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This report is taken from PN Review 109, Volume 22 Number 5, May - June 1996.

Letter from Wales Sam Adams

It is not too late, as I write, to look back for a moment on the year just ended. Things began badly you might say. We awoke on the first day of 1995 to learn that Harri Webb, poet and patriot had, with a touch of irony, died on New Year's Eve. Harri had been ailing for a long time and, latterly, had acquired the ascetic, bearded mien of an Old Testament prophet, but he was essentially a convivial character (though with an acerbic edge) who loved a pint and a joke. Then Glyn Jones, poet, short story writer, novelist, who had been for many years a touchstone and talisman for all involved in Anglo-Welsh writing, died in April. Lynette Roberts, like Glyn a survivor of the 'first flowering' in the 1930s, died in September and Gwyn A. Williams, that prodigious communicator in every respect but physical stature, in November.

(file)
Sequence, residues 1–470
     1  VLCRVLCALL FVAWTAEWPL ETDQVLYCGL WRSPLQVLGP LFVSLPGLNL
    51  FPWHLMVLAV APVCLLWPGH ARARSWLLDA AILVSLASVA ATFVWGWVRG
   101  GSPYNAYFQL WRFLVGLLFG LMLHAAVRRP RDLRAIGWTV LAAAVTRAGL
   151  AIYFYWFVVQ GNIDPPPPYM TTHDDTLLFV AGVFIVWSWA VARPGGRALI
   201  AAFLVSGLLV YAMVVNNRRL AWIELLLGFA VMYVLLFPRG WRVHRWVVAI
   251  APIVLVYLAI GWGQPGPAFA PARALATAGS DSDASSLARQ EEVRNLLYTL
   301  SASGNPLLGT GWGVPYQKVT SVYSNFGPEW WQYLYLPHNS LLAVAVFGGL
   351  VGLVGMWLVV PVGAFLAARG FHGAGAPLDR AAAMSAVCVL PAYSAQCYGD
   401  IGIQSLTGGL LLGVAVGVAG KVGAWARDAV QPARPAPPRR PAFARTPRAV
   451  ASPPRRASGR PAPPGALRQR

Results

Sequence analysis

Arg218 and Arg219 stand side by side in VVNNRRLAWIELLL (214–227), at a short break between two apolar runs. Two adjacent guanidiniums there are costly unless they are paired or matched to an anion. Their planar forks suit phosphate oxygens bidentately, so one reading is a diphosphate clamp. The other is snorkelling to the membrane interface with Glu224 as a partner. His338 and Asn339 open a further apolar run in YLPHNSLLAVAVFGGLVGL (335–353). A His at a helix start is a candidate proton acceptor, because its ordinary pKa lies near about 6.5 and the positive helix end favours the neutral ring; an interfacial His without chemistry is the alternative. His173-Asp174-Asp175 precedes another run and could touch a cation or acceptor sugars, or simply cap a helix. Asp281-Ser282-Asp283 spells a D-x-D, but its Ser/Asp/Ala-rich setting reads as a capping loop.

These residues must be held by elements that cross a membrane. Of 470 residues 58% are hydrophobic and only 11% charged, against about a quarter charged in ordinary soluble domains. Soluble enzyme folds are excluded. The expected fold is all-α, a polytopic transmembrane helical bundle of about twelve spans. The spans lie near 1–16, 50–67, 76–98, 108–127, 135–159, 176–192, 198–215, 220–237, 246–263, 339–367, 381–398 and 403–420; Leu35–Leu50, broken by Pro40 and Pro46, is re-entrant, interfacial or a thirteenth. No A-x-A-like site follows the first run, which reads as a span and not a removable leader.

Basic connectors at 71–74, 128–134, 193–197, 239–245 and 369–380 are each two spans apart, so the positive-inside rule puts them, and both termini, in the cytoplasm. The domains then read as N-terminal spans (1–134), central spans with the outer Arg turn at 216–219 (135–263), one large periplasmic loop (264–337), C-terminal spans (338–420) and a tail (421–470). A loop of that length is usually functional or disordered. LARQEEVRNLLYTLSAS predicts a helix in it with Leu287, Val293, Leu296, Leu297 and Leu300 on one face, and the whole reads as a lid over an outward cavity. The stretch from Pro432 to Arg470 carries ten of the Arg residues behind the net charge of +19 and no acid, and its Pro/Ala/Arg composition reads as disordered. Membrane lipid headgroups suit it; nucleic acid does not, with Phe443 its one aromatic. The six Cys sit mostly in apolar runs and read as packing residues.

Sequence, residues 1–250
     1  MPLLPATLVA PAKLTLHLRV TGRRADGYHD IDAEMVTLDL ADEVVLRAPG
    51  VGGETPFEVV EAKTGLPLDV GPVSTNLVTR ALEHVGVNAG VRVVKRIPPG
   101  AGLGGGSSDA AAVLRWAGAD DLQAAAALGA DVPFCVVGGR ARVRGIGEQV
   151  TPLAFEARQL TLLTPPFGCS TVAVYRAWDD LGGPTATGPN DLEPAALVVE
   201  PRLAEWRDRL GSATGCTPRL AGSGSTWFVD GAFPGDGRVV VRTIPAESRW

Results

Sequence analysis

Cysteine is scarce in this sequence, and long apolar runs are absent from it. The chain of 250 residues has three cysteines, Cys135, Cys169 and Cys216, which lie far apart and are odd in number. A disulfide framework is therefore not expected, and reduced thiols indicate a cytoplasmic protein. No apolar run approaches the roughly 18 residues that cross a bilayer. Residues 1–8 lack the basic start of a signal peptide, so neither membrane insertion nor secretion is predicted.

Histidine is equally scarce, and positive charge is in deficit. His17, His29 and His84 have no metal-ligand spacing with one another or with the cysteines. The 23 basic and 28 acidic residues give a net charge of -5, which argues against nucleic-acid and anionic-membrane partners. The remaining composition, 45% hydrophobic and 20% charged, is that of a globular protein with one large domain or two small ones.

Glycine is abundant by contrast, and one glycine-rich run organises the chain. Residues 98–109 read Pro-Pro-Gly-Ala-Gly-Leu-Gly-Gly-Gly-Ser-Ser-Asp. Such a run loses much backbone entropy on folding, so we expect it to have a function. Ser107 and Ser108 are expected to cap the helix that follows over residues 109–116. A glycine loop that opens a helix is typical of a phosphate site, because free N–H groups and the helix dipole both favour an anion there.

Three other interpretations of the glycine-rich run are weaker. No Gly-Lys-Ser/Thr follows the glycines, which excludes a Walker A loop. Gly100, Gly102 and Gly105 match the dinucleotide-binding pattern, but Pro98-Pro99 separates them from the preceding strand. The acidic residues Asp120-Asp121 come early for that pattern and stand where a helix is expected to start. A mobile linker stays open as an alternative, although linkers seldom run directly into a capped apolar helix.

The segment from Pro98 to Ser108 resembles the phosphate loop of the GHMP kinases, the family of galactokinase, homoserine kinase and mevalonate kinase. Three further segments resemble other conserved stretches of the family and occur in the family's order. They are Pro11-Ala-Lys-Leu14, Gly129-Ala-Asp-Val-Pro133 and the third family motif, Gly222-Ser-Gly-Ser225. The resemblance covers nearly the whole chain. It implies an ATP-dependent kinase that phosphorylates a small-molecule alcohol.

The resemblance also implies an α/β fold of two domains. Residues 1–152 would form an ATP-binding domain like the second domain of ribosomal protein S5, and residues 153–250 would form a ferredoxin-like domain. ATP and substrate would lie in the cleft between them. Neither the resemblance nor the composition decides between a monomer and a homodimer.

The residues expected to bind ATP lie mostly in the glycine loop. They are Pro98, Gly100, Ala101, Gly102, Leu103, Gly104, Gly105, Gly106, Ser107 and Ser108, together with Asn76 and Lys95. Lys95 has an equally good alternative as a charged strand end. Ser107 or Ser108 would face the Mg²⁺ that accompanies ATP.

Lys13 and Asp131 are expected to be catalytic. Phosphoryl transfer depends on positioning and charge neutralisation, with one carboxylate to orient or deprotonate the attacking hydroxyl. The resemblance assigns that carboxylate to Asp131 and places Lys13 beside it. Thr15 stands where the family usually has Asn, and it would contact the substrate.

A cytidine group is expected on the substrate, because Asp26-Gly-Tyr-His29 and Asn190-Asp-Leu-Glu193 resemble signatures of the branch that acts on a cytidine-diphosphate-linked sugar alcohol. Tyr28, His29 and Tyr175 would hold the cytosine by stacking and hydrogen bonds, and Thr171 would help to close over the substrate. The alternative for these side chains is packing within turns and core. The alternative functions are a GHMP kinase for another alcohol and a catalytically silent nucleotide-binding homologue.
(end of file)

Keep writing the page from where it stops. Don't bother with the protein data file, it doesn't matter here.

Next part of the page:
No apology is needed for including Gwyn Alf, as he was known, partly to distinguish him from other Gwyn Williamses, in the list. Although he was a professional historian, he was a member of the Welsh Academy of writers and had a rare way with words. No one who heard him speak is likely to forget how his stammer became not an impediment but another device in the formidable armoury of his rhetoric. His brilliance as a student was such that many believed 'Alf was a soubriquet, an abbreviation for alpha, the grade he invariably received for ...
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